Monday 6 June 2011

Doc/Fest 2011 preview

This coming Wednesday the Sheffield Documentary Festival kicks off again for this, its 18th year, and for the first time I'll be in attendance covering as many films as I can possibly manage. Running from the 8th - 12th June, the festival has undergone a bit of a change this year, moving from the Autumn up to the Summer to get a head start on a lot of the other festivals. Has the move paid off? Well, they've certainly arranged a line up of some great looking films which should get a lot of interest.

Featuring 70+ features and a whole bunch of short films and industry sessions, there's a lot to take in during the five day festival at a variety of different locations. Making the most of what Sheffield has to offer, the docs are going to be scattered across the city centre, including some outdoor screenings on Devonshire Green which (weather permitting) should make a nice change from sitting inside all a dark cinema all day. I betcha it rains. Anyway, here's a list of the films I'm most looking forward to during the festival.

Quite literally the biggest title at the festival, Supersize Me director Morgan Spurlock arrives in town with his latest assault on 21st century life, taking down the advertising industry with his own brand of humour, stopping just short of selling his soul along the way. This film will be the opening night premiere with Morgan Spurlock in attendance to offer a few insights into the making of the film.

Shut Up Little Man: An Audio Misadventure
Based on tape recordings of a pair of obnoxious neighbours that have been doing the rounds since 1987, Shut Up Little Man looks to be one of the most funny and vulgar films at the festival. Raymond and Peter are the Odd Couple brought to life with added prejudices, and this documentary seeks to chart the effect the recordings of them have had on culture and society, as well as showcasing their entertainment value.

Albert Maysles' classic documentary about Big and Little Edie Bouvier Beale, the aunt and cousin of Jackie O who lived like hermits shacked up in Grey Gardens, a decaying mansion in the East Hamptons. From 1975, this film will be shown on Saturday 11th June as one of the outdoor screenings on Devonshire Green. I've not seen this documentary before, but think it's pretty much a necessity as part of my film education.

Project Nim
From James Marsh, the director of the award winning Man On Wire, Project Nim charts the amazing progress of a chimpanzee taken from his mother at birth and given to a typical 1970's family. More than just a real life Rise of the Planet of the Apes, they hope to teach Nim sign language and communicate with him, becoming part of the family until his natural instincts start to show how different the psyches of man and beast can be. This looks like a fascinating story.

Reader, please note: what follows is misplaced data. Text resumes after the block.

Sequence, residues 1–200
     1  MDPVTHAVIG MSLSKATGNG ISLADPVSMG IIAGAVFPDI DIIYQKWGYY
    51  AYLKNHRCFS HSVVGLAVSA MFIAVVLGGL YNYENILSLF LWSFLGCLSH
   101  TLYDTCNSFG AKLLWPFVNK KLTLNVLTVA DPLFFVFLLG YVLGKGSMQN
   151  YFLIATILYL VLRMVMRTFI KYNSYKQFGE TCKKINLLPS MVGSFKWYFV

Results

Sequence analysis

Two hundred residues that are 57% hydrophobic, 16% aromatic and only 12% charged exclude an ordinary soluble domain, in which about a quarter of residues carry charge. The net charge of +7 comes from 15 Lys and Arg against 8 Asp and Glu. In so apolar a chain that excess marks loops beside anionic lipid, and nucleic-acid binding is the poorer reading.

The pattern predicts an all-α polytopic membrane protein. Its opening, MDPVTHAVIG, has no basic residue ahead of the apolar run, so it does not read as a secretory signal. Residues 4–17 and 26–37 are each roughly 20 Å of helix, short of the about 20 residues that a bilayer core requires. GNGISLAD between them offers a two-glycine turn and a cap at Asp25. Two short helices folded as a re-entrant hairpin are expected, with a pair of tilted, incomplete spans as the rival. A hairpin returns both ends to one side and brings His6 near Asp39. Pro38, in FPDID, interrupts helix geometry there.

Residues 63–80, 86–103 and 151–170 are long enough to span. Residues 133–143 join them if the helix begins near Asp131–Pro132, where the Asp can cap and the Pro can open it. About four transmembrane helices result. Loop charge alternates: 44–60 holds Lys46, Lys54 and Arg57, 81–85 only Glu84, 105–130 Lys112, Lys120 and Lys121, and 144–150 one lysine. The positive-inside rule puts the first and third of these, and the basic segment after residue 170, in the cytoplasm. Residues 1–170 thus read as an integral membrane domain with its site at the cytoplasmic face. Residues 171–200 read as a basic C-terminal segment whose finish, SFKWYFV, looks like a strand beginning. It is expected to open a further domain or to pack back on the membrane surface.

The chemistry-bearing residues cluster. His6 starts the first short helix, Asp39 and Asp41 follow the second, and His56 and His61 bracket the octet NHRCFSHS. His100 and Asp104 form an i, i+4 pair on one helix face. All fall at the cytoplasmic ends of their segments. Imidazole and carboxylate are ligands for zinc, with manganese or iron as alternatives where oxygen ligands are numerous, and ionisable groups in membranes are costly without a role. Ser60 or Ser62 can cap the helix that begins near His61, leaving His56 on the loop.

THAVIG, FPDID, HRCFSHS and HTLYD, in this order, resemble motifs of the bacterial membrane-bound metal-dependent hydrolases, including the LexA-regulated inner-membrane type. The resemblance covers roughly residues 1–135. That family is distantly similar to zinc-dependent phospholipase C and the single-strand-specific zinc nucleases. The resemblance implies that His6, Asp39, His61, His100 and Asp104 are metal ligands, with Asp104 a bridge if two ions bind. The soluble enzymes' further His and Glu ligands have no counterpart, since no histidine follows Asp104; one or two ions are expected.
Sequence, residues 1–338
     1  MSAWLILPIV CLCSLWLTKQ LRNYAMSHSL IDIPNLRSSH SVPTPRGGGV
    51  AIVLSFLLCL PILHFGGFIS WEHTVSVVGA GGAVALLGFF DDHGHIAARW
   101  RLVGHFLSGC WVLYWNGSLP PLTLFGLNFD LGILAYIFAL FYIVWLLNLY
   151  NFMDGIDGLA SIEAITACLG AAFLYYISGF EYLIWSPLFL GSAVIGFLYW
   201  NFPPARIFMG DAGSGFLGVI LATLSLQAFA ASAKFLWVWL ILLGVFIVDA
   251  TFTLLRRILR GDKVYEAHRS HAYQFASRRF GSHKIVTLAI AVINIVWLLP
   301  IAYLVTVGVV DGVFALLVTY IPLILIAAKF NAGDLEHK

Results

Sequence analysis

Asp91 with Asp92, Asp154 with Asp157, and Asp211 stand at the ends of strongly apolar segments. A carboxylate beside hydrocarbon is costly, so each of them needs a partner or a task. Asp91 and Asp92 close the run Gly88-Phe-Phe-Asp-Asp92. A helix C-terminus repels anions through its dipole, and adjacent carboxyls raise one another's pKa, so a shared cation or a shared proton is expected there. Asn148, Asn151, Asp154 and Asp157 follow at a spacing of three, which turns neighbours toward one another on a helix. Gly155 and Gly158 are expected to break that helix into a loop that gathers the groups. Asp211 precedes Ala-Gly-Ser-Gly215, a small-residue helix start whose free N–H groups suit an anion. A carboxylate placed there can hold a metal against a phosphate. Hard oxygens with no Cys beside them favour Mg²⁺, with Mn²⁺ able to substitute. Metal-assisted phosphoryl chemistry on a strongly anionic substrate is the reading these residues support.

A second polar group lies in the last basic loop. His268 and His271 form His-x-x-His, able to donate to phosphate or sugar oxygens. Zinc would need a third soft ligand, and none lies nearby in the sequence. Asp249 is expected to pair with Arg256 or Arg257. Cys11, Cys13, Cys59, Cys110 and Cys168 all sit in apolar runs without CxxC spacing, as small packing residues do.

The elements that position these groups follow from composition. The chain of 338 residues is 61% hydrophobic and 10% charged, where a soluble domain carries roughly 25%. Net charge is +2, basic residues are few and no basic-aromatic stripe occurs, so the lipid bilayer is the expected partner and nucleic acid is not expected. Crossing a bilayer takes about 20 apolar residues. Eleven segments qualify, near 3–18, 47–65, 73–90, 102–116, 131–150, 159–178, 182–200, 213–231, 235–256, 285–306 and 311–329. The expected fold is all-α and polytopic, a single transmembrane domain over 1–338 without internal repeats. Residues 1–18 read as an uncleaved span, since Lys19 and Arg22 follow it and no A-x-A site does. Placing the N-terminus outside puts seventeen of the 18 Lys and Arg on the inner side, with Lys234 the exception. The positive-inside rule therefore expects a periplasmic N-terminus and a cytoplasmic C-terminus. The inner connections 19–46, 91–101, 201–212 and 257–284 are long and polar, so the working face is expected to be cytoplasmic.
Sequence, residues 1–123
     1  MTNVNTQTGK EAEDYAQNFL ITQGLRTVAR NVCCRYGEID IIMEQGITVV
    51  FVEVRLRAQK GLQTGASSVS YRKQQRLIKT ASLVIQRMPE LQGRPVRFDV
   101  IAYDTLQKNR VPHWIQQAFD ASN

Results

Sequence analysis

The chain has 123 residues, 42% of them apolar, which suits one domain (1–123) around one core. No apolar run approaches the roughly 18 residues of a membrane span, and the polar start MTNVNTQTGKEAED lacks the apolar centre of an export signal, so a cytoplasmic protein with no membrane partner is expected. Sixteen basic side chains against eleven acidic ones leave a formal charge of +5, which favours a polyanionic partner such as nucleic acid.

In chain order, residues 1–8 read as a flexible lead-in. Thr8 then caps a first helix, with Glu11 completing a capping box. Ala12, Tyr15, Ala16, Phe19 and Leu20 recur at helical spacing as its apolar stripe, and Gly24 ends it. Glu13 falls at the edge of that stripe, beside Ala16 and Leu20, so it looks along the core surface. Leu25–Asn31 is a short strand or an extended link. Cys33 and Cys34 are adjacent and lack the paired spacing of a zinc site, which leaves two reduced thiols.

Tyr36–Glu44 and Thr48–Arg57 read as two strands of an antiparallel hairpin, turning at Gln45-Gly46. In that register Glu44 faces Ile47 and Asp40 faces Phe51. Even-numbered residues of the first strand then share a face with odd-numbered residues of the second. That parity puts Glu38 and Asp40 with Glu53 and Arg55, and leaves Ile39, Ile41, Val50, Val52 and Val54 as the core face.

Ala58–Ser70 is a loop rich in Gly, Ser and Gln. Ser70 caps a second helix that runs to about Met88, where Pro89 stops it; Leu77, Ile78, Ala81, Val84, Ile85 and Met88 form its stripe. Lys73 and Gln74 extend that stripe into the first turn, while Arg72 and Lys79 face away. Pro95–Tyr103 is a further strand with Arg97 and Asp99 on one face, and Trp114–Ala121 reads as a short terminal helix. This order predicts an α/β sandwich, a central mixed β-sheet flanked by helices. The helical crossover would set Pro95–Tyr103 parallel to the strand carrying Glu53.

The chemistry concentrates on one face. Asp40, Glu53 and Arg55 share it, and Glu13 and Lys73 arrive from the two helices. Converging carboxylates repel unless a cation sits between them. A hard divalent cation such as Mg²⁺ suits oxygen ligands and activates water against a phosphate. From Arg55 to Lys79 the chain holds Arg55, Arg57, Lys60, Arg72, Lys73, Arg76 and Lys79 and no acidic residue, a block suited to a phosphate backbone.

One of the world's most respected publications, Page One shows us how the well oiled machine that is the New York Times keeps on running, looking at some of the talent and scandals that have been part of the Times' rich history. Among the questions being asked is, if print media really is a dead format, how will the publication adapt to survive?

One of the films that is closing the festival on Sunday, at only 60 minutes A Letter to Elia might not be one of the longest films at the festival, but it probably has the biggest name attached to it. Directed by life long Elia Kazan fan Martin Scorsese, he digs into the filmmakers troubled history, from directing Marlon Brando in On The Waterfront to naming names during the McCarthy witchhunts. There doesn't appear to be a trailer for this doc, so here's the original trailer for On The Waterfront to whet your appetite.

So there you have it. Stick with me over the festival, as I'll be reporting back about the films as soon as I possibly can. I'll hopefully be blogging left, right and centre, and you can always catch me on twitter for some pithy 140 character long one-liners. If you're planning on visiting the festival yourself, I recommend checking out the official Doc/Fest website to get all the information you might need. Most films are having more than one screening with tickets available to the public, so check there for screening times and how to book to avoid disappointment.

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